The Sweat Test
I move a lot of water when I’m really working.
Training for 100 mile mountain bike racing all year has left me with a damn fine base of fitness and a pretty stellar power threshold. I can climb 2000′ of vertical an hour at about 80% of my max hear rate for a few hours with a pack on in difficult terrain, but I generate A LOT of heat and water, so as soon as I cool down I begin to notice that I’m 6000′ above where I started, it’s cold and windy and I’m soaked.
So I’m looking for good solutions. I need something that can block the wind, insulate, and breathe. I’m sure there is a brilliant soft shell solution but I’m also working through what I have to see what combinations work well.
Last night I went out for a hard run in temps just above freezingwearing the following:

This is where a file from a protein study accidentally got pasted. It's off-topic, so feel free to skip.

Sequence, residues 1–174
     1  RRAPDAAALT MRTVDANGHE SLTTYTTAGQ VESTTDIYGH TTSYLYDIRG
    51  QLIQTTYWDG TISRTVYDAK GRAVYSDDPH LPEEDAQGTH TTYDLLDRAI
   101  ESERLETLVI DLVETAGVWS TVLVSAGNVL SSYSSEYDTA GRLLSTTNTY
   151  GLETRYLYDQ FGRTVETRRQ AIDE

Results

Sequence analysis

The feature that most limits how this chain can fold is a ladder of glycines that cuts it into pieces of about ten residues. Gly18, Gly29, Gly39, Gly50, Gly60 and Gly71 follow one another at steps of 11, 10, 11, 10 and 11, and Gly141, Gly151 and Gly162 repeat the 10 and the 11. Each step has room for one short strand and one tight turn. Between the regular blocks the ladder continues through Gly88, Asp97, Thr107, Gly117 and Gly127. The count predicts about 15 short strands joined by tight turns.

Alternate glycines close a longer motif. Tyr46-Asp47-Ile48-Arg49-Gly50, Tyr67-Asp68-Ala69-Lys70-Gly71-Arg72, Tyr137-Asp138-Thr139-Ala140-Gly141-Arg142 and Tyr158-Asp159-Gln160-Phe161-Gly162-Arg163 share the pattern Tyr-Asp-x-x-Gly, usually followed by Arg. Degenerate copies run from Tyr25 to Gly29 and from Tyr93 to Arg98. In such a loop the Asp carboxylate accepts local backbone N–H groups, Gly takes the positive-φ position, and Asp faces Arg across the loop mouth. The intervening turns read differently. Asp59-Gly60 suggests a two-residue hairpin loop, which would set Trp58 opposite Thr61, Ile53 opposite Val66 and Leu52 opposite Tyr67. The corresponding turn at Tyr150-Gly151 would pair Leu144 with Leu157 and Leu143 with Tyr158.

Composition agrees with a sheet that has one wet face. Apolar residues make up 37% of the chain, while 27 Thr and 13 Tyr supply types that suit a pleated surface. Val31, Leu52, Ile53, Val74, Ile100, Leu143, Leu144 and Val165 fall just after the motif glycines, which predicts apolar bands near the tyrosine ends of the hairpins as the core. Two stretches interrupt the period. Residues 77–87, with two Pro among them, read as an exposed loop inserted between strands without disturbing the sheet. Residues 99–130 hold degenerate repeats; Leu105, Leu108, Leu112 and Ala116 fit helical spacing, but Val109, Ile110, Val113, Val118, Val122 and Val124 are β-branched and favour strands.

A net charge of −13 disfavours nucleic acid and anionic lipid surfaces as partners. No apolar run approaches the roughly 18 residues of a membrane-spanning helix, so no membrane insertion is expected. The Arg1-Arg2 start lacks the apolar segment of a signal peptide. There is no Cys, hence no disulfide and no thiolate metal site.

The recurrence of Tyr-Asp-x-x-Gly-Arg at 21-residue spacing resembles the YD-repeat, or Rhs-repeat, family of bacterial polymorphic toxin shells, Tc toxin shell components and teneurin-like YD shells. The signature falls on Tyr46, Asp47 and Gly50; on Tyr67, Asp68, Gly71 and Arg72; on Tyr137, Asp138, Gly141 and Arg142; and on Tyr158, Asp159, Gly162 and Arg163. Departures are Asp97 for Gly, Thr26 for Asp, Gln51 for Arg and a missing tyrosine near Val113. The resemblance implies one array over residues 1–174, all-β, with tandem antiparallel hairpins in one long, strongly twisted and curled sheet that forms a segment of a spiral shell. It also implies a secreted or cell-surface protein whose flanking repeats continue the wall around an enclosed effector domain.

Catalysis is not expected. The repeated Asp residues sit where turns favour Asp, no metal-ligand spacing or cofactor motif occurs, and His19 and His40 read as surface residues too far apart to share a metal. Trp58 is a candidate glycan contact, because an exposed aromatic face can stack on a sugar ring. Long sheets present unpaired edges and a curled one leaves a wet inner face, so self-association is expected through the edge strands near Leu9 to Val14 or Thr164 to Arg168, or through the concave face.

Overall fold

Head: Pearl Izumi Balakava in beanie mode.
Patagonia Torrentshell pullover
Patagonia Capaline 3
Wicking drawrs from Champion
Adidas Soccer Shorts
Smart wool mid weight backpacker socks
Merril Trail Glove shoes (just found that they have a version of this shoe with gore-tex, I’m interested).
The loop I ran was a perfect test with a moderate uphill and steep downhill followed by slight downhill then a parking lot cool-down walk and some pull-ups on the stairs (flogging molly came up on pandora so I couldn’t repress the training urges). I got hot on the way out I heald my HR at 90% for several minutes, and felt the heat and wet really turning on. Then on the steep descent my HR fell 15% as I simply tried to control speed.
I felt comfortable and dry the whole run. There is a tag in the shirt that has to go. Otherwise I was never hot or cold, even on the cooldown. When I got inside and pulled off the torrent shell it was damp on the inside, though the capaline was still dry to the touch.
Brilliant performance for what will be my go to setup for charging up-hill when I need something between me and the weather.
I think my lone peak would have gone better from a moisture management perspective with capaline replacing the merino wool.